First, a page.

Self-Directed SEP IRA

A Self-Directed SIMPLE IRAs Advantages vs. a Self-Directed SEP IRA

Depending on your company and your goals, you may find it to be a good idea to open a Self-Directed SIMPLE IRA program or a Self-Directed SEP IRA. The problem? Most people don’t know the distinctions between the two, even though these distinctions can really add up.

What’s the Difference Between Self-Directed SIMPLE IRAs and a Self-Directed SEP IRAs?

On the surface, the two account types are so similar that many people believe they are the same thing. But the SEP stands for “Simplified Employee Pension Plan” while SIMPLE stands for Savings Incentive Match Plan.

In Self-Directed SIMPLE IRAs, you will have many of the same functions of a Traditional IRA—albeit with a higher contribution limit. For example, in 2018, the contribution limit was $12,500 and the limit in 2019 is $13,000.

A SIMPLE plan is great for companies with 100 employees or fewer, especially when the employees will be making the contributions themselves, out of their paycheck. These contributions are on a pre-tax basis, similar to many other retirement account types.

With a Self-Directed SEP IRA, however, an employer can make a tax-deductible contribution on behalf of their employees. This helps incentivize employers to contribute to a pension plan, which in turn makes it much more of a “retirement benefits package” for employees, and more of an incentive for hiring.

A Self-Directed SEP IRA also has a very high contribution limit, even higher than those in a Self-Directed SIMPLE IRA. The employer can contribute either $55,000 or up to 25% of the employee’s salary, whichever of the two numbers is less. That makes the Self-Directed SEP IRA a nice way to add retirement benefits when hiring.

It’s also worth noting that a Self-Directed SIMPLE IRA comes with steeper penalties for early withdrawals—defined as taking withdrawals before the age of 59 ½. For the SEP IRA, these withdrawal penalties are 10% plus the taxes, while the SIMPLE IRA penalties are 25% plus taxes if the money is taken out within two years of participating in the SIMPLE IRA.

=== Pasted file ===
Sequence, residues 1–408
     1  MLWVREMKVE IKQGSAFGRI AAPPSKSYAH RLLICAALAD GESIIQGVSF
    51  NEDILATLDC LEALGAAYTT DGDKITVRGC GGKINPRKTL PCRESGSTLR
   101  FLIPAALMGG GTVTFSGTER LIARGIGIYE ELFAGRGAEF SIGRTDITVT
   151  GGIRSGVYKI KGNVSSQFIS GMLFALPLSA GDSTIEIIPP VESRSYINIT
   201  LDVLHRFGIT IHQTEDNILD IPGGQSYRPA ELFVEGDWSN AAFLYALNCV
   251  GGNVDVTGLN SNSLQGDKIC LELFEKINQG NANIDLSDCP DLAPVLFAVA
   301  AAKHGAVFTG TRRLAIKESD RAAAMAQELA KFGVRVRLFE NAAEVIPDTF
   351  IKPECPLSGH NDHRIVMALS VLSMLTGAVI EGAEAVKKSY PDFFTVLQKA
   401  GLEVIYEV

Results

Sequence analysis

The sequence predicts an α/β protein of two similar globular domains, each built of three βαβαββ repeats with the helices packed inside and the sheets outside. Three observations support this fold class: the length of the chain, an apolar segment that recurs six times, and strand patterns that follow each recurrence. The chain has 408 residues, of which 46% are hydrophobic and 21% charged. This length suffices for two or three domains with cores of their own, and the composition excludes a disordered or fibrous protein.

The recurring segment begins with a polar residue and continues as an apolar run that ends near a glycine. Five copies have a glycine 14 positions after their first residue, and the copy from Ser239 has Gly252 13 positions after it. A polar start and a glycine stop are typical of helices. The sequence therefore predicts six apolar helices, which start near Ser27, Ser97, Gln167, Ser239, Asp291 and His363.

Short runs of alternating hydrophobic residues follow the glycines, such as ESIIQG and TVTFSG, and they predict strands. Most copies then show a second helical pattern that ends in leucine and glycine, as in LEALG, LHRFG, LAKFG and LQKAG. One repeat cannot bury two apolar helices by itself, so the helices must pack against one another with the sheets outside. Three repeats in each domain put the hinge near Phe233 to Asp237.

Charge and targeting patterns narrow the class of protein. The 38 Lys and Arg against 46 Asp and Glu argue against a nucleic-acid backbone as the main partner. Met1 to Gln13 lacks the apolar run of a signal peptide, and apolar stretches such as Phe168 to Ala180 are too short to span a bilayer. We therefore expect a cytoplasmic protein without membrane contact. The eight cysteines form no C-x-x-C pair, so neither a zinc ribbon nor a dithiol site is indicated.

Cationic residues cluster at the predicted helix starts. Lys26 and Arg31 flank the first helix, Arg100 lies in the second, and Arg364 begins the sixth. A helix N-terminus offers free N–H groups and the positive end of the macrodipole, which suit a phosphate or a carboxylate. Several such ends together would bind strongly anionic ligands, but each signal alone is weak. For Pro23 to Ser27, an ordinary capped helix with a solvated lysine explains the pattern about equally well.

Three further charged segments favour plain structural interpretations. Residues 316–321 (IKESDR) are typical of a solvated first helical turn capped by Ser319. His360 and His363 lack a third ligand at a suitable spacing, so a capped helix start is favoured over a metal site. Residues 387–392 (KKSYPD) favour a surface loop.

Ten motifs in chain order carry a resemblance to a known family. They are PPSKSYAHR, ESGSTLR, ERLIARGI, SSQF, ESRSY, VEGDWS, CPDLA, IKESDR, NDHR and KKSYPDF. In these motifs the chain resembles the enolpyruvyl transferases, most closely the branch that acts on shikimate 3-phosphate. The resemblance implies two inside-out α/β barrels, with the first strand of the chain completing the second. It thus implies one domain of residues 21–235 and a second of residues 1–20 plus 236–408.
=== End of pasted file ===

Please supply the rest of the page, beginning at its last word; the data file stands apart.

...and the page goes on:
Choosing a Self-Directed SIMPLE IRA or Self-Directed SEP IRA

For most people, these types of plans are typically under consideration when you own a small business. Establishing a Self-Directed SEP IRA for employees, for example, can be a major incentive for hiring, while a Self-Directed SIMPLE IRA typically relies more on the individual doing the saving.

For many people, that means choosing what type of retirement plan your company is going to have. But if you have few employees or even just yourself, that can change the equation.

When it comes to self-direction, both accounts offer plenty of options. The advantage of self-directing retirement is that you can invest in a range of property types, such as precious metals and real estate. However, it’s important to keep in mind that if you are using these accounts for employees, you will have to think about what kinds of savings your employees typically want.

How to Use Self-Direction for Retirement Savings

Whether you have a Self-Directed SIMPLE IRA or a Self-Directed SEP IRA, it’s important to have a strategy when it comes to your retirement. Are you planning on using a wide variety of assets, or focusing solely on one asset class? What kind of portfolio do you want to build, and how aggressive do you want it to be?

These strategy questions will affect the type of account that’s better for you—for example, a Self-Directed SEP IRAs high contribution limits may suit those with the cash to put aside plenty for real estate investments. Make sure you think through all of these issues before you choose.

Interested in learning more about Self-Directed IRAs?  Contact American IRA, LLC at 866-7500-IRA (472) for a free consultation.  Download our free guides or visit us online at